Guest post by Leah Enfield.
Residents beware! Changes proposed by the Long Beach Board of Education are short sighted and harmful for students and the community alike. Five potential plans are claimed to save between $600,000 and 1.6 million dollars of the school’s $123.8 million budget. This works out to save approximately 1% of the entire budget.
A budget shortfall and declining enrollment has prompted the administration to consider reconfiguring the four elementary schools in Long Beach. Option A or “Status Quo” would leave the current school buildings in tact. Two options include closing East School; Option B would relocate 360 students and place them in the remaining 3 elementary schools. While option E would place all Pre K-2nd graders in Lido or West School while all 3rd-5th graders would be housed in Lindell School. East School would be repurposed as an administration building at a cost of more than $2 million dollars.
As a concerned citizen, I am forced to ask the administration whether they have done their due diligence in researching all of the options and their ramifications?
Is a 1% savings worth…
• Potential depreciation of the East End Long Beach neighborhood?
• Compromising neighborhood safety when a school no longer houses students?
• Increasing class size, a byproduct of combining schools, while teachers and students are grappling with the more rigorous core curriculum standards?
• Less support staff for all elementary students? (School nurse, Social worker, etc.)
• Potential traffic disruption and increased costs due to the community school model being destroyed?
• Increased transitions of students between their Pre-K through 5th grade years.
• Complicating the logistics of having siblings at separate schools?
• Firing less senior staff and teachers across the district?
• Risking children’s social and emotional well being after being displaced by Superstorm Sandy?
• Investing over $2 million dollars to repurpose offices for approximately 30 administrators at a cost of nearly $70,000 per administrator?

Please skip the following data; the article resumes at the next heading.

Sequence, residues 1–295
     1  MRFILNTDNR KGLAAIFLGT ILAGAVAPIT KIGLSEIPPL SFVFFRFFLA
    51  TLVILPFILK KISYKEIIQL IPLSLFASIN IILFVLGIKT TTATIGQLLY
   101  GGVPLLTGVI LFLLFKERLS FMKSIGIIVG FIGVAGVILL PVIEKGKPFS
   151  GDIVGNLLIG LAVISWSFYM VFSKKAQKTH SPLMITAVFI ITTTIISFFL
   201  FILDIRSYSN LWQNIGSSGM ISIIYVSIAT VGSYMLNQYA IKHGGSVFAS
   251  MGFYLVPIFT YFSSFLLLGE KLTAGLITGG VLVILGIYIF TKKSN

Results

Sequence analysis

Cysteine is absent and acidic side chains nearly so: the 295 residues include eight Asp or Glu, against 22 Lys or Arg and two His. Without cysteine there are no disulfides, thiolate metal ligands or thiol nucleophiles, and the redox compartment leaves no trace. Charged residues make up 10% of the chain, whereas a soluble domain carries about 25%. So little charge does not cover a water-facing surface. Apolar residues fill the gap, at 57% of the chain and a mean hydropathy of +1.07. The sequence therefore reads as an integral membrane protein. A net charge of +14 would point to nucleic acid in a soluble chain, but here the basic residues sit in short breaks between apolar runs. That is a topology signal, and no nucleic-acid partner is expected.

If planning for future generations of Long Beach students and sustainability is a priority, as Superintendent Weiss has stated, he and the school board must consider two recent developments.
Governor Cuomo has proposed a 4% increase in school aid. Shouldn’t the board wait to see how this money will affect their budget before voting to repurpose the schools?
Also, the Long Beach Superblock site will be developed. Currently, a prominent developer is planning a 450 unit apartment building plus hotel. If each apartment averages only 1 child this would more than exceed the student population at East School. If developers believe in the city of Long Beach, shouldn’t the school board?
I urge the Long Beach Board of Education to Vote for Option A, Status Quo. A vote to change school structure at this time fulfills the notion that Long Beach is a city in decline. It is a vote against the city of Long Beach.
The Long Beach BOE is scheduled to vote in early February for one of the five plans. There are too few opportunities for residents to be heard, ask questions or attend meetings before the vote.
I ask all residents to be present on Tuesday, January 21st at 7pm at the Long Beach Middle School. No matter what side of the issue you are on it is imperative to attend and ask the important questions.